Skip to main content
Back to Top



Two direct rights of action in child support enforcement

Individual Author: 
Ryznar, Margaret

This Article argues that, if the goal of a child support enforcement system is to increase the efficiency of enforcement, parents should have access to the courts to enforce child support orders against each other. A comparative analysis of the U.S. and U.K. approaches illustrates the characteristics of a system that recognizes and validates the personal consequences to parents seeking child support. Furthermore, to the extent possible under federal law, there should be some judicial oversight of the state agencies responsible for overseeing child support.

Children with incarcerated mothers: Developmental outcomes, special challenges and recommendations

Individual Author: 
Dallaire, Danielle H.

Incarcerated mothers represent a rapidly growing sector of the prison population. This review of the literature presents research examining the psychological and socio-emotional well-being of children with an incarcerated mother, highlighting risk and protective factors at different stages of children's development. Child outcomes are reviewed from a developmental perspective with a focus on children's connectedness to family and school.

Incarcerated mothers and fathers: A comparison of risks for children and families

Individual Author: 
Dallaire, Danielle H.

Despite the dramatic increase in incarcerated mothers that has occurred in the past decades, there is a paucity of family research focusing on the children affected by maternal imprisonment. The present study investigated family environments and intellectual outcomes in 60 children between the ages of 2 and 7 years during their mothers’ incarceration. Multiple methods were used to collect data from children, mothers, and children's nonmaternal caregivers. Results indicated that most children experienced multiple risks across contextual levels.

Promoting educational resiliency in youth with incarcerated parents: The impact of parental incarceration, school characteristics, and connectedness on school outcomes

Individual Author: 
Nichols, Emily B.
Loper, Ann B.
Meyer, J. Patrick

The United States has the highest incarceration rate in the world, and as a result, one of the largest populations of incarcerated parents. Growing evidence suggests that the incarceration of a parent may be associated with a number of risk factors in adolescence, including school drop out. Taking a developmental ecological approach, this study used multilevel modeling to examine the association of parental incarceration on truancy, academic achievement, and lifetime educational attainment using the National Longitudinal Survey of Adolescent Health (48.3 % female; 46 % minority status).

Maternal incarceration and the transformation of urban family life

Individual Author: 
Turney, Kristin
Wildeman, Christopher

Incarceration intensely alters the family lives of incarcerated men and the women and children connected to them. Yet women increasingly spend time behind bars and, accordingly, they absorb direct consequences of incarceration in addition to the more commonly considered spillover consequences of men’s incarceration on families. In this article, we draw on the stress process perspective to examine the consequences of maternal incarceration for three broad aspects of family life: romantic relationships, parenting, and economic wellbeing.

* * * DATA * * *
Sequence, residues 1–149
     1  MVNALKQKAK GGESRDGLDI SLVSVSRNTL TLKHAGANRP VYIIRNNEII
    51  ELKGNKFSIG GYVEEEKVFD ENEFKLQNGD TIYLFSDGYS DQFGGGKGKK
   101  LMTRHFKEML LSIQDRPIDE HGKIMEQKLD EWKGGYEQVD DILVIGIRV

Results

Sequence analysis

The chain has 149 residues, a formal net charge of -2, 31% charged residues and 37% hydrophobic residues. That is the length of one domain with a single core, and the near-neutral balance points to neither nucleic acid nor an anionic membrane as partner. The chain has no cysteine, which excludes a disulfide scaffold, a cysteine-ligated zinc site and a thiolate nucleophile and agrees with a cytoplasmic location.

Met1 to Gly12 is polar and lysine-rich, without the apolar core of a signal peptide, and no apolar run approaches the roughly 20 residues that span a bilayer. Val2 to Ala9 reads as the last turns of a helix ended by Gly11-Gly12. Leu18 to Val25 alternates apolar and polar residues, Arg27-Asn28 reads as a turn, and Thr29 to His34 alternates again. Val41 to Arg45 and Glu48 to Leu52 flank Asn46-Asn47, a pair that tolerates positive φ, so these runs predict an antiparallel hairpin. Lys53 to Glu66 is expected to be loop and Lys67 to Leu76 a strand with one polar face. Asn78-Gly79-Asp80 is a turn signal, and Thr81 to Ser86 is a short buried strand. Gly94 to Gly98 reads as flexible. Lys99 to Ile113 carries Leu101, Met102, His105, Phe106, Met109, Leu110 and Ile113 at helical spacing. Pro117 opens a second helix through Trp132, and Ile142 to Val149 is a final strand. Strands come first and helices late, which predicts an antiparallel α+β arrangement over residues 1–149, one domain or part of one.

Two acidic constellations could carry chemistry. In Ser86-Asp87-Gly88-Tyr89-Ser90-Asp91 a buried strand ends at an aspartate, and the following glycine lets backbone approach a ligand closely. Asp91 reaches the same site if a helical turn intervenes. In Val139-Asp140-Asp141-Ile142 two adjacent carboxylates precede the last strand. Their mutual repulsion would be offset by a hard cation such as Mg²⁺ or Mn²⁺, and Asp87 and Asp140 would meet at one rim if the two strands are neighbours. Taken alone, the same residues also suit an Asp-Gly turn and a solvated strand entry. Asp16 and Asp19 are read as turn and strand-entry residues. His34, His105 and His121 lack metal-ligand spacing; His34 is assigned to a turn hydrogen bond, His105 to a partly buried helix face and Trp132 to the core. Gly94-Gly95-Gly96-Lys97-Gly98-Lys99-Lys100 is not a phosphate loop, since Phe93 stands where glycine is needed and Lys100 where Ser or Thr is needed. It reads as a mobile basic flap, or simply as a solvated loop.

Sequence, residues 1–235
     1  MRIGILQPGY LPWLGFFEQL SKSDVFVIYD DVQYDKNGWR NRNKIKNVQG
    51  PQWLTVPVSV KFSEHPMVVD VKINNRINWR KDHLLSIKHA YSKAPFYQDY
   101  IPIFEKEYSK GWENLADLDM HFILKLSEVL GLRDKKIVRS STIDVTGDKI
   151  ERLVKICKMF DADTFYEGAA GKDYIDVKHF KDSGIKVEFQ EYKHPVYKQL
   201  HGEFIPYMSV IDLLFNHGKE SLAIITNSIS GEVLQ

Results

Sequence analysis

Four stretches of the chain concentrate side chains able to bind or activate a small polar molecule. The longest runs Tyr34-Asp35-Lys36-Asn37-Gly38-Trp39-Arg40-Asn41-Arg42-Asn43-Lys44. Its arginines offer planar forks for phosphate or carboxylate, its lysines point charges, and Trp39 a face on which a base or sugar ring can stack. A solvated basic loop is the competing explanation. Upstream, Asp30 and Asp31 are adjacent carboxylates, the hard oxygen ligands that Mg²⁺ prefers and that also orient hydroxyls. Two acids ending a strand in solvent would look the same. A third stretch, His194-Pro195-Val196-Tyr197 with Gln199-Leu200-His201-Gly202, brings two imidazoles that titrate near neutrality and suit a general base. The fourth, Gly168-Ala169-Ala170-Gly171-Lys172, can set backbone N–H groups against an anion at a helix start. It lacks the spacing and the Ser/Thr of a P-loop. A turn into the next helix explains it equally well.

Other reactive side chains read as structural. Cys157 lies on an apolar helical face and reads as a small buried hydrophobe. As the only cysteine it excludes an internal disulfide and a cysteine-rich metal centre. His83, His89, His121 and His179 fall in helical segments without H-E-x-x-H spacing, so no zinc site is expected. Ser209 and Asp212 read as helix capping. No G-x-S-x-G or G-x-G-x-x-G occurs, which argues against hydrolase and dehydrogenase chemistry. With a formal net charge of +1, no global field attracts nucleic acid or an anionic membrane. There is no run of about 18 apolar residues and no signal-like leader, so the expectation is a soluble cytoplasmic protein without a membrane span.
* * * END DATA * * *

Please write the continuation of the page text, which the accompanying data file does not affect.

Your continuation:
Child support conviction and recidivism: A statistical interaction pattern by race

Individual Author: 
Spjeldnes, Solveig
Yamatani, Hide
Davis, Maggie M.

An estimated 50,000 parents are behind bars on average daily for child support nonpayment, but information about these fathers and their recidivism rates are lacking. Using a jail sample (N = 16,382), multinomial logistics regression method was utilized; subgroup analysis was used to investigate differential beta weights of predictor variables. Informed by Critical Race Theory, findings showed that fathers incarcerated for arrears had significantly higher rates of recidivism than other jailed men, but had an interaction effect with race.

Racial and gender justice in the child welfare and child support systems

Individual Author: 
Brinig, Margaret

While divorcing couples in the United States have been studied for many years, separating unmarried couples and their children have proven more difficult to analyze. Recently there have been successful longitudinal ethnographic and survey-based studies. This piece uses documents from a single Indiana county’s unified family court (called the Probate Court) to trace the effects of race and gender on unmarried families, beginning with a sample of 386 children for whom paternity petitions were brought in four months of 2008.

Earnings and child support participation among reentering fathers

Individual Author: 
Mellgren, Linda
McKay, Tasseli
Landwehr, Justin
Bir, Anupa
Helburn, Amy
Lindquist, Christine
Krieger, Kate

A father’s incarceration can represent a serious threat to economic stability for his children and family, yet little is known about earnings and child support payments among justice-involved men over the course of incarceration and release. This brief presents findings on pre- and post-incarceration wages and child support participation in the five impact sites of the Multi-site Family Study on Incarceration, Parenting and Partnering (MFS-IP). This analysis matches MFS-IP survey data with state administrative data on wages and child support participation to examine this gap.

Child welfare reentry and multi-system involvement: Examining cumulative risk and protective factors

Individual Author: 
Shaw, Terry V.
Goering, Emily
Shipe, Stacey
Betsinger, Sara
Farrell, Jill

This PowerPoint presentation from the 2017 NAWRS workshop summarizes how demographics, behavior, family characteristics, child welfare history, juvenile services history, and other policy factors impact reentry.